Lynn, born February 8, 1955, moved into her parents' home in New Johnsonville, Tennessee, after her separation from Fred, taking her two sons with her.

*92 In May, 1984, Lynn, accompanied by the two boys, drove from her parents' home to Virginia, where Joanne, who had wed Fred four months earlier, was finishing some military schooling at Quantico. Lynn's purpose was to enable Fred to pick up the boys there for summer visitation. Fred did so.

In August, 1984, while the boys were still with Fred and Joanne, Lynn moved from her parents' home to Waynesville, Missouri, where she took up residence with one James Stewart, with whom she had become acquainted at some undisclosed earlier time.

After Labor Day, 1984, Fred and the boys flew to St. Louis, where they were met by Lynn. She took the boys with her to the two-bedroom house she was occupying in Waynesville with Stewart, whom the boys had never met. During the quartet's residence there the boys slept in one bedroom; Lynn and Stewart slept in the other.

This arrangement ended in January, 1985, when Lynn and the boys moved into a "cabin" in Devils Elbow, Missouri. About June 4, 1985, Fred and Joanne arrived there and, with Lynn's consent, picked up the boys, taking them to California.

Around the first of August, 1985, while the boys were still with Fred and Joanne, Lynn moved into a "trailer" in Waynesville, owned and occupied by Ed, whom she had met at some unspecified earlier time. Ed, an "over-the-road" truck driver, was married when he and Lynn began cohabiting, but became "divorced" September 9, 1985.

Prior to the start of school in September, 1985, Lynn phoned Fred about returning the boys. At trial, Lynn quoted Fred as saying he "was not bringing them back." Fred testified he told Lynn, "I would send them back at Christmas time and in the summer we could turn our arrangements around."

About September 12, 1985, Lynn and Ed, unbeknown to Fred, arrived in Los Angeles by automobile. Enlisting the aid of the "District Attorney" and the "Sheriff's Department," Lynn secured custody of the boys. She and Ed then drove them back to Waynesville, stopping overnight at a motel. There, Lynn and Ed shared a bed; the boys shared another bed in the same room.

Lynn testified that the night they reached Waynesville she received a phone call from Fred. Lynn's testimony: "He [was] ... rather angry and hostile, and told me that because of the embarrassment I had caused him with the police being there, embarrassing him in front of his neighbors, that he would make me pay; he would get even and if he ever got the children, that I would never see them again."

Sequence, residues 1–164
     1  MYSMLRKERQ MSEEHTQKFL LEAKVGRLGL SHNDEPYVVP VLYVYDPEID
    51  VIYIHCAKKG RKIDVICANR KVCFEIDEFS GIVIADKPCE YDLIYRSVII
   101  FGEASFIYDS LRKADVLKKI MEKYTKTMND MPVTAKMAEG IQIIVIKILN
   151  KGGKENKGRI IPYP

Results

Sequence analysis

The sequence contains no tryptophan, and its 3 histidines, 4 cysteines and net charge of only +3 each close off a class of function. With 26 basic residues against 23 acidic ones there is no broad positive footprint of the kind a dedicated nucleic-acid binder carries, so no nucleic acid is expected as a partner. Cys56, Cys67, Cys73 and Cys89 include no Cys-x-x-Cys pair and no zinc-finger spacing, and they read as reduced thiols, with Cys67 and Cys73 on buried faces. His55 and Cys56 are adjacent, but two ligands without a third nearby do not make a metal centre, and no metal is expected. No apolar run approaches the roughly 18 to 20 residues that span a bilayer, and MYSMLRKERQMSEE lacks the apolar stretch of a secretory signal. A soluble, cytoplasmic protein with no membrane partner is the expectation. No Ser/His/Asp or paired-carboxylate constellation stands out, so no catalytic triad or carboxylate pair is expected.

Lynn, it will be recalled, married Ed January 26, 1986, some seven weeks before she commenced this modification proceeding. Lynn conceded that Fred had asked for visitation during the summer of 1986, while the proceeding was pending, and that she had refused.

In considering Fred's first point, we are mindful that it was his burden to show that a change had occurred in the circumstances of the boys or Lynn since the Virginia decree, and that modification was necessary to serve the best interests of the boys. Ryan v. Ryan, 652 S.W.2d 313, 315[2] (Mo.App.1983); Knoblauch v. Jones, 613 S.W.2d 161, 165-66[2] (Mo.App.1981); § 452.410, RSMo 1986.

The first case cited by Fred in support of his first point is In re Marriage of P.I.M., 665 S.W.2d 670 (Mo.App.1984). There, it is said that where there are charges and proof of gross immorality on the part of a custodial parent, and such immorality takes place in the home in which the child is kept, it is unnecessary to await manifestation of harmful consequences to the child before action is taken; it is more sensible to change a child's custody when there is a reasonable likelihood of an adverse effect on the child if he is kept in his present surroundings than to wait until damage is done and then attempt to repair it. Id. at 672[3].

Fred also directs our attention to H___ v. H___, 637 S.W.2d 432, 434[5] (Mo.App. 1982), for the proposition that in determining whether to modify a custody provision it is proper for a trial court to consider the morals and mode of life of the parties.

*93 The final case on which Fred relies to support his first point is M.L.G. v. J.E.G., 671 S.W.2d 312 (Mo.App.1984), which teaches that while no court can force a parent to observe any particular moral code, the moral fitness of a person seeking custody of a child is a proper subject for a court's consideration, and a critical factor is whether a parent's immoral behavior is conducted with the child's knowledge and while the child is present in the house. Id. at 315.

While the principles of P.I.M., H___, and M.L.G. are undeniably sound, their facts are too dissimilar to those here for those cases to be controlling. In P.I.M. for instance, there was evidence that on one occasion at the mother's home an altercation between two of her male acquaintances resulted in a gunshot, that the mother and her two children made a trip with another of her paramours and the latter's teenage daughter during which the mother passed out after drinking wine, that on another occasion the paramour cursed the children during an argument, that the mother kept marihuana concealed in her bedroom, that she kept sexually explicit publications in a magazine rack that contained the youngest child's coloring books and crayons, that the mother kept a projector and hard-core pornographic films in her home, which she watched with her boyfriend during times when the children were banished to another room, and that the children saw the boxes containing the films, on which appeared sexually explicit color photographs.